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MU Scientists Successfully Transplant, Grow Stem Cells in Pigs

June 4, 2014

R. Michael Roberts is a Curators Professor of Animal Science and Biochemistry and a researcher in the Bond Life Sciences Center. His discovery of a new line of pigs that don’t reject transplants, will allow for future research on stem cell therapies.

Story By: MU News Bureau

“The rejection of transplants and grafts by host bodies is a huge hurdle for medical researchers,” said R. Michael Roberts, Curators Professor of Animal Science and Biochemistry and a researcher in the Bond Life Sciences Center. “By establishing that these pigs will support transplants without the fear of rejection, we can  move stem cell therapy research forward at a quicker pace.”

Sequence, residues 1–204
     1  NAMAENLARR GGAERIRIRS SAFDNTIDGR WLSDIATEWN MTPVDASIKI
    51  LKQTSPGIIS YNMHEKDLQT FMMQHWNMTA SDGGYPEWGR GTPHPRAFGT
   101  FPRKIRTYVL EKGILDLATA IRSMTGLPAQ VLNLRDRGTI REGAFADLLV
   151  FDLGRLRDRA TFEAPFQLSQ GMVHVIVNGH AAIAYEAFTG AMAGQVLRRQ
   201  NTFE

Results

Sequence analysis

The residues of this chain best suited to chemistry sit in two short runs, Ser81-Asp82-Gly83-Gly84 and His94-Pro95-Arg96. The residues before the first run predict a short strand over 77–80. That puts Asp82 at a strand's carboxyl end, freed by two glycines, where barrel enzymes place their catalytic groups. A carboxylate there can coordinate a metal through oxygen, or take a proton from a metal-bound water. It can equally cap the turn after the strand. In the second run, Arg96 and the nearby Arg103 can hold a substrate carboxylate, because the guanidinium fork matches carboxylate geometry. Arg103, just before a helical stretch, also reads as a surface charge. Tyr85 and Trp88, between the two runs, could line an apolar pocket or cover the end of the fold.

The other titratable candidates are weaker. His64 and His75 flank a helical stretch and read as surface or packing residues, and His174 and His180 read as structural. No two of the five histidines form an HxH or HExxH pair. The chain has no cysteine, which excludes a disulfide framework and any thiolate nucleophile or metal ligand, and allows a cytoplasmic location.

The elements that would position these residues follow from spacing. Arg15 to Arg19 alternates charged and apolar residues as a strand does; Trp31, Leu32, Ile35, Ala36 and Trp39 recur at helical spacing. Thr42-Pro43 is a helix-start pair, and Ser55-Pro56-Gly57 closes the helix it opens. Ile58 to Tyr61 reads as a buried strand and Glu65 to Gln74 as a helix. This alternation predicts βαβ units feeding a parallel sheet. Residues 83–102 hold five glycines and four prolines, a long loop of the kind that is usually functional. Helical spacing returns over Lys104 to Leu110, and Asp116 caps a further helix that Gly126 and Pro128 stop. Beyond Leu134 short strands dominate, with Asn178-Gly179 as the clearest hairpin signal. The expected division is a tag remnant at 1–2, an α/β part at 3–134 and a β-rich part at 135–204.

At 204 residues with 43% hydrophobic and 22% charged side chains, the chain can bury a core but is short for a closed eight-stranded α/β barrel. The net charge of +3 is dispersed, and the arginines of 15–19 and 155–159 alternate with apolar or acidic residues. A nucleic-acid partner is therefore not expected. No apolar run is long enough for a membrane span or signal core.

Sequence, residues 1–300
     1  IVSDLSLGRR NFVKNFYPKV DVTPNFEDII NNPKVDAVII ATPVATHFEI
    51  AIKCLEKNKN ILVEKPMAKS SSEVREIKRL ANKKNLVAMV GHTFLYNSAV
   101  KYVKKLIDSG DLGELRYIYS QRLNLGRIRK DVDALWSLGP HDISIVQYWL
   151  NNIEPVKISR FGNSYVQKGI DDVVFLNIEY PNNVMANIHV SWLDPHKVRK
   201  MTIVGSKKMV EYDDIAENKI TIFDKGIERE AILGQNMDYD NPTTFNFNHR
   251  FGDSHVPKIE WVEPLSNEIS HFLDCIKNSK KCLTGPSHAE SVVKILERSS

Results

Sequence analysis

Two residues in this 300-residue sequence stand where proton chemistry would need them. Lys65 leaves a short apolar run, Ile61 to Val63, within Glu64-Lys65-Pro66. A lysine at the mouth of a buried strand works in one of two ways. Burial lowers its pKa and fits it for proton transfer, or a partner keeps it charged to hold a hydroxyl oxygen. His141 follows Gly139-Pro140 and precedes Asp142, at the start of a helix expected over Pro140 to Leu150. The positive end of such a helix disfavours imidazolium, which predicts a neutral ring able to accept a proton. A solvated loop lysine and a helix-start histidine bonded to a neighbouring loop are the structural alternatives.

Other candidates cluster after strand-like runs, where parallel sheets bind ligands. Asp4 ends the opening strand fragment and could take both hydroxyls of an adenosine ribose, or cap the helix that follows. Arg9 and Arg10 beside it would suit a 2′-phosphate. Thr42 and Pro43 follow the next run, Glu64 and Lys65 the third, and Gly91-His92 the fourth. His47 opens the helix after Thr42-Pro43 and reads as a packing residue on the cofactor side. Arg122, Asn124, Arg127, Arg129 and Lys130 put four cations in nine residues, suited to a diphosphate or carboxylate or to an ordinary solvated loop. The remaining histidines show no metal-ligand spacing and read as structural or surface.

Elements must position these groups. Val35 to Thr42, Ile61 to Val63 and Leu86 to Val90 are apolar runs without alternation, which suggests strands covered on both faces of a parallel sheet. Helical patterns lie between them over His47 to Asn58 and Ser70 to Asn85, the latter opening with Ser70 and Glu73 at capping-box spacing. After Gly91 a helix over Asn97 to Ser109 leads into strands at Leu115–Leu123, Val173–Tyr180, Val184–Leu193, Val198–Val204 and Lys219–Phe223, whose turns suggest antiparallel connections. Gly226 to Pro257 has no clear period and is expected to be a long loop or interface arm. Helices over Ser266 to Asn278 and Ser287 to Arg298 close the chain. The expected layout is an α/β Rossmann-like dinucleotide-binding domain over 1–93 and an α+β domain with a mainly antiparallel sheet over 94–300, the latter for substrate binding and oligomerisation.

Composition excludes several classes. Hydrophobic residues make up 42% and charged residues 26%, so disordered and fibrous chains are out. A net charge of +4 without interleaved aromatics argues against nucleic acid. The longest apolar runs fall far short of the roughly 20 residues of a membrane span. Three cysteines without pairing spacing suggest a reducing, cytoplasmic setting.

In a published study, the team of researchers implanted human pluripotent stem cells in a special line of pigs developed by Randall Prather, an MU Curators Professor of reproductive physiology. Prather specifically created the pigs with immune systems that allow the pigs to accept all transplants or grafts without rejection. Once the scientists implanted the cells, the pigs did not reject the stem cells and the cells thrived. Prather says achieving this success with pigs is notable because pigs are much closer to humans than many other test animals. More…